God’s Name Represents AuthorityHis name, rather than filling us with terror, should motivate us to please Him and worship Him “with reverence and awe” (Hebrews 12:28).
I grew up in a family in which the sense of authority was unmistakable. In Venezuela, where I was born, it is customary that when parents leave the house or come home, their children ask them for a blessing. But in our family, the younger siblings would also ask the older siblings for the blessing. This sign of respect is still maintained among my siblings, even though they have grown older. That respect derived from the hierarchical structure within the family. As a child, I was taught that my uncles, aunts, and grandparents had authority over me, and I had to obey them.
God’s name tells us what we can expect from Him and how we should relate to Him. He rules the universe. His name represents dominion over all creation. Nature obeys Him; He can create, destroy, or restore. Angels obey Him; demons and the devil himself are subject to His commands. (See Job 1:12 and 2:6; Mark 1:34 and 5:12.) This means that, by virtue of being God, He is able to accomplish everything He sets out to do on our behalf. His name, rather than filling us with terror, should motivate us to please Him and worship Him “with reverence and awe”(Hebrews 12:28).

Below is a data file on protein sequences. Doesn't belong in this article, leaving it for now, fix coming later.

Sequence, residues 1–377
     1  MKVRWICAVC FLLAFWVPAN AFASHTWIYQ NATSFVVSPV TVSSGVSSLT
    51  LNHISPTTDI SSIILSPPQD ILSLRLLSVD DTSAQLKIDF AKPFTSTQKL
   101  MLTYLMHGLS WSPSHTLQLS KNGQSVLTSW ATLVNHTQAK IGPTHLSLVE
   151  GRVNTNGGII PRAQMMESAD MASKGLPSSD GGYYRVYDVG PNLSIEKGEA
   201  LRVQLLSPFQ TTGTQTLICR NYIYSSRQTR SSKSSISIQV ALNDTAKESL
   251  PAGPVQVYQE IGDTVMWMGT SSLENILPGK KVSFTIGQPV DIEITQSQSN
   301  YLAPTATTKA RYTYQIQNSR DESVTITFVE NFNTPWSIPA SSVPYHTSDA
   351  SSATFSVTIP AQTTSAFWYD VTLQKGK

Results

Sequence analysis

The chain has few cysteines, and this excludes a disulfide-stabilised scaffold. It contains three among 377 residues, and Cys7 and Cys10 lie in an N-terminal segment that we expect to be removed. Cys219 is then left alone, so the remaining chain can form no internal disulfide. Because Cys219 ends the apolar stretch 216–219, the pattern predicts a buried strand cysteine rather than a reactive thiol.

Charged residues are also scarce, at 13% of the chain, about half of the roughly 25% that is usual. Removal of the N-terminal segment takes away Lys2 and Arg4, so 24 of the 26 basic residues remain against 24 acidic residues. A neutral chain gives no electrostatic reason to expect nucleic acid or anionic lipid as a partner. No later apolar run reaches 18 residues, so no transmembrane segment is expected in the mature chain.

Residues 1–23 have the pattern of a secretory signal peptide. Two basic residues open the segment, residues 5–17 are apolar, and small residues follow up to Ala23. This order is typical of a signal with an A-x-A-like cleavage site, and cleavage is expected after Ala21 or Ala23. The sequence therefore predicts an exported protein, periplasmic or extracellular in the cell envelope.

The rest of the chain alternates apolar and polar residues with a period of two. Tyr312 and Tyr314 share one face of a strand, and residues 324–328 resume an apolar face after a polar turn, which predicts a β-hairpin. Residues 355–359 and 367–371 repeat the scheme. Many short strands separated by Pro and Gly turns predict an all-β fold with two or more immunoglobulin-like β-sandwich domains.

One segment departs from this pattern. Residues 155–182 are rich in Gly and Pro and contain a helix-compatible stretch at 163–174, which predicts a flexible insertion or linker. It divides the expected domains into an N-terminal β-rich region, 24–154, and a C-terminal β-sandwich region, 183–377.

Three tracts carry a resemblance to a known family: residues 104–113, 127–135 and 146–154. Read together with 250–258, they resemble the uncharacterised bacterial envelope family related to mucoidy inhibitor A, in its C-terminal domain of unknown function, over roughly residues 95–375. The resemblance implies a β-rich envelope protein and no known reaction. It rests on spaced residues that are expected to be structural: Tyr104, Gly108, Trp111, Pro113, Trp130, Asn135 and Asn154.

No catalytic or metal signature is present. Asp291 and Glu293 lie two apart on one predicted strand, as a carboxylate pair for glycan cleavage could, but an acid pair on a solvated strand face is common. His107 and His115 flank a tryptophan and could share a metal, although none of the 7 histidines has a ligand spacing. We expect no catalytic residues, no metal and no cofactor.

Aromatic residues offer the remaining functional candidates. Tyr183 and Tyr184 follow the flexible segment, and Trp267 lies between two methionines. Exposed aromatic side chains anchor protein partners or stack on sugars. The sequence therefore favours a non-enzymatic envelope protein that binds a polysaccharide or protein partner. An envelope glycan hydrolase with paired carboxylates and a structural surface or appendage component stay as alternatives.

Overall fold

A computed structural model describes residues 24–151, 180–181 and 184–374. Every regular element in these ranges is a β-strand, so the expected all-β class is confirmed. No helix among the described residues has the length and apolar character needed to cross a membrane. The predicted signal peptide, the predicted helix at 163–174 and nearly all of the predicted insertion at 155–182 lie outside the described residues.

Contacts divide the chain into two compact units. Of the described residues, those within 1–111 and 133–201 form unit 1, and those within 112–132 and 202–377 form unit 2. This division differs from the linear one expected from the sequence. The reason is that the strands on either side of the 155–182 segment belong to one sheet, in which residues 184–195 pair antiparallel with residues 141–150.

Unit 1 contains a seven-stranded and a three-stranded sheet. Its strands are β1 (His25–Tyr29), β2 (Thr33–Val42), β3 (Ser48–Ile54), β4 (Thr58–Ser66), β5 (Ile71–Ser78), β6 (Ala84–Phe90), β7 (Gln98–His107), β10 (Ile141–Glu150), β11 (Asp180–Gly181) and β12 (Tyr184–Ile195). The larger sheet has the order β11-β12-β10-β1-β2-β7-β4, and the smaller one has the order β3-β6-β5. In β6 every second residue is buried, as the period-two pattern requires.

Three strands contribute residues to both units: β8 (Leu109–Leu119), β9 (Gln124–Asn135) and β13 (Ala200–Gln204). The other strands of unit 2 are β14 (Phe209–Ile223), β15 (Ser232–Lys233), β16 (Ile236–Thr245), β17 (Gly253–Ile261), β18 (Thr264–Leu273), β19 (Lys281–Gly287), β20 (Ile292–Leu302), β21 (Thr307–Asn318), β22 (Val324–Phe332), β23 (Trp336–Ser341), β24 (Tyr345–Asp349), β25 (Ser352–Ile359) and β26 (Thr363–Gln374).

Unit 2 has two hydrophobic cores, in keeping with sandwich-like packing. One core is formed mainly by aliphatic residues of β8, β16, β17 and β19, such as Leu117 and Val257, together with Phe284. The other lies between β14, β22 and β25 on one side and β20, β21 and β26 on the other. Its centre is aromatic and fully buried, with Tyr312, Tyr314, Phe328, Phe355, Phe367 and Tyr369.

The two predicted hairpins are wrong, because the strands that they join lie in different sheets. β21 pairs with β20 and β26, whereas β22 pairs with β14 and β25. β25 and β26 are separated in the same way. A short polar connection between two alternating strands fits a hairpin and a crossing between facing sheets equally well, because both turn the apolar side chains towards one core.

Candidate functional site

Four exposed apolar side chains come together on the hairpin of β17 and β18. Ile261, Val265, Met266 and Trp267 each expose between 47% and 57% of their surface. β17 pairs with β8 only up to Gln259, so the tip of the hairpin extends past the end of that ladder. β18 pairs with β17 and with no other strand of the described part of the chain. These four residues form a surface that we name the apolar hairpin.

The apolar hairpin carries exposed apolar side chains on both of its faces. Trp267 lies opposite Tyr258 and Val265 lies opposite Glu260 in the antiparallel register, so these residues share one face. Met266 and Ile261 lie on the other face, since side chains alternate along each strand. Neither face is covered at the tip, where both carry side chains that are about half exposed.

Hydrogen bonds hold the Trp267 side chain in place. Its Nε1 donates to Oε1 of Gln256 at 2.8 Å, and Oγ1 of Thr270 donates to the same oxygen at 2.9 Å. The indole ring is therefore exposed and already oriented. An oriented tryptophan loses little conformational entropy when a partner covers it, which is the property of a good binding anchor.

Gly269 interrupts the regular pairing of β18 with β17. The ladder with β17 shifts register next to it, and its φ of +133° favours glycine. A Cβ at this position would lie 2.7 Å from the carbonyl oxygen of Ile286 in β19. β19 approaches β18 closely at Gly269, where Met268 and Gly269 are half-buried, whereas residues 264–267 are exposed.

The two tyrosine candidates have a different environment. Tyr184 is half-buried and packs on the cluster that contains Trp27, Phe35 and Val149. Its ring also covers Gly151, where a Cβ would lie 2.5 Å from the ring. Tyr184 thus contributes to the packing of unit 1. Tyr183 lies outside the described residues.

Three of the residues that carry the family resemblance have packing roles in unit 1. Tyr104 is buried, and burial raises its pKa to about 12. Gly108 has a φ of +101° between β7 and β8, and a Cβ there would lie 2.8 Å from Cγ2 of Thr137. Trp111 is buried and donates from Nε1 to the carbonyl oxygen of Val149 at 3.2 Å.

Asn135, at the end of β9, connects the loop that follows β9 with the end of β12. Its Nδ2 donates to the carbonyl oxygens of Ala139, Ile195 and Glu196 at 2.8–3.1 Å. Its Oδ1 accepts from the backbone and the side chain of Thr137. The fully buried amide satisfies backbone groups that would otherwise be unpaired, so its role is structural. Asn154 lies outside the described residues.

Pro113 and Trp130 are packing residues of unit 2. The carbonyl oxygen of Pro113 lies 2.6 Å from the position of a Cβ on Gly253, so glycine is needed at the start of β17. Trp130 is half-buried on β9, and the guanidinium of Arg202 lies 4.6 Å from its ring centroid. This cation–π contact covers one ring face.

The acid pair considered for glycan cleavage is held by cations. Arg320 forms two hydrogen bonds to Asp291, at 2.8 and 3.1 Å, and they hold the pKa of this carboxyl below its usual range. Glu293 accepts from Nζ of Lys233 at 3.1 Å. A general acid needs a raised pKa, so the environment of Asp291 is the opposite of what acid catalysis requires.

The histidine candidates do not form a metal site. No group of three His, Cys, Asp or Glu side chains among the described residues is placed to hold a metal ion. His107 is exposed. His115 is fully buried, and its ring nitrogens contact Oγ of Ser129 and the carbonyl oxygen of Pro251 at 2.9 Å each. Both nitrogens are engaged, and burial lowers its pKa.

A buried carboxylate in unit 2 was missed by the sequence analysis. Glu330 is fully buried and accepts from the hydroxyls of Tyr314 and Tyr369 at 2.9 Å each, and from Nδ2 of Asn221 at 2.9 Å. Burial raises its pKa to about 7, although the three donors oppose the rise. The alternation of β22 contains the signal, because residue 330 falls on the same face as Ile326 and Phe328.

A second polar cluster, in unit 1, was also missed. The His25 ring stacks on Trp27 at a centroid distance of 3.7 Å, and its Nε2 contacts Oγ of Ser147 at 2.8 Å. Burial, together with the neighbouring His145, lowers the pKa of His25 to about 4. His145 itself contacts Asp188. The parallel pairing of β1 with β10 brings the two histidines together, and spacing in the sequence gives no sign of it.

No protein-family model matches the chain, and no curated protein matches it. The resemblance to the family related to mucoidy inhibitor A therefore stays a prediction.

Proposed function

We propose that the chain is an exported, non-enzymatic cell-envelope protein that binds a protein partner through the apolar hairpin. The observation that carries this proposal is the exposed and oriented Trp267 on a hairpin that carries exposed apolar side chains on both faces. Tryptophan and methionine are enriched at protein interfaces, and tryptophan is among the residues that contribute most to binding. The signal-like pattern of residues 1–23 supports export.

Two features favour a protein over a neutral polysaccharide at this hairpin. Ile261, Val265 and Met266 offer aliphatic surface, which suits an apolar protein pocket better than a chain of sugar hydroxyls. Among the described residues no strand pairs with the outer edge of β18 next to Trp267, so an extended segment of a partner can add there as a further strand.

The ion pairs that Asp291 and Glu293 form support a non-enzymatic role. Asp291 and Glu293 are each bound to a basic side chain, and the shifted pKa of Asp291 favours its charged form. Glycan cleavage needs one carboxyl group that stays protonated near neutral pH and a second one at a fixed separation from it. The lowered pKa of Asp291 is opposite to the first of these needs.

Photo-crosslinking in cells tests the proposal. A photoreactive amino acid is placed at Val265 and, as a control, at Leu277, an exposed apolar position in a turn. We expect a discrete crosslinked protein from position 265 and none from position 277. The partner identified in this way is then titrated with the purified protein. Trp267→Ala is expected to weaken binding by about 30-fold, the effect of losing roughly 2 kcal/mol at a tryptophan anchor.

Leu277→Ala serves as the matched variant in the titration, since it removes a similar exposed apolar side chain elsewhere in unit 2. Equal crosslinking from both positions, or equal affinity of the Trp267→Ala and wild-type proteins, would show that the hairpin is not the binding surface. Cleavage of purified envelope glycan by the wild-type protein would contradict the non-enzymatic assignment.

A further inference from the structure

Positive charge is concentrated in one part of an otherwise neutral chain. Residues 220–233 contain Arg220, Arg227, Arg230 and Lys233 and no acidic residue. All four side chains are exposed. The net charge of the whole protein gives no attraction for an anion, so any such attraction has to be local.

Moses was alone with his thoughts on a mountainside, tending the flock of his father–in–law. Suddenly his attention was caught by a bush that was burning but not burning up. Then he heard the voice of God issuing from the bush, calling his name. God commanded Moses to go to Egypt and lead His people, the Israelites, out of bondage. Moses resisted the idea; then he said, “By the way, what’s your name? If I do what you ask, the Israelites are sure to ask me, ‘What is the name of this God you say has sent you to us?’
The name of God is a statement about His person. It says that God is eternal, without beginning or end. That was the message to Moses and to the Israelites; it was the message to Jesus’ disciples; it is the message for our time and for all time.
God revealed Himself to the Apostle John in these terms: “I am the Alpha and the Omega … who is, and who was, and who is to come” (Revelation 1:8). Alpha and Omega are the first and last letters of the Greek alphabet—the equivalent of “from A to Z.” Many years after Moses’ mountainside encounter with God at the burning bush, he would write these words: “Before the mountains were born or you brought forth the whole world, even from everlasting to everlasting you are God.”(Psalm 90:2) God had no beginning. He did not and does not need anyone or anything else to exist. The Athanasius Creed, an early statement of Christian doctrine, declares, “The Father is made of none; neither